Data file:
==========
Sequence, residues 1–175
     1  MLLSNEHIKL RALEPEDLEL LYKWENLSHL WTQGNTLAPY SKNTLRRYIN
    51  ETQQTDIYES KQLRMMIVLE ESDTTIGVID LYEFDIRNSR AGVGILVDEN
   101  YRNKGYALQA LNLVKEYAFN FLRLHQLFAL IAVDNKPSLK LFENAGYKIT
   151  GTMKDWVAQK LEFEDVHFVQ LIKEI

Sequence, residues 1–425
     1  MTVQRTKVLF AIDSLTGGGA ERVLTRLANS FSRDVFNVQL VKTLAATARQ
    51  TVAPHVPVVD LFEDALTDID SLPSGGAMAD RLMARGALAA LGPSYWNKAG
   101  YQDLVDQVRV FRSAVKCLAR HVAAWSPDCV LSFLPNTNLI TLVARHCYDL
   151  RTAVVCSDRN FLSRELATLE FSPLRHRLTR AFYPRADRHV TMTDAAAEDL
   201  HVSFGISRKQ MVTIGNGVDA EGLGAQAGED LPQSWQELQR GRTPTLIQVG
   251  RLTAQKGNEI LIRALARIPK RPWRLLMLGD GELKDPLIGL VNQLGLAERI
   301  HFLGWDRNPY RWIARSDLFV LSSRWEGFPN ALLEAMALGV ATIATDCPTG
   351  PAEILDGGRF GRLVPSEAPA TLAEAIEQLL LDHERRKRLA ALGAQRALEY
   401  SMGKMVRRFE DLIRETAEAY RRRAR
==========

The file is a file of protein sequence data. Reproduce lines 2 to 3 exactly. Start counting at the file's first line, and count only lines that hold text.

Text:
     1  MLLSNEHIKL RALEPEDLEL LYKWENLSHL WTQGNTLAPY SKNTLRRYIN
    51  ETQQTDIYES KQLRMMIVLE ESDTTIGVID LYEFDIRNSR AGVGILVDEN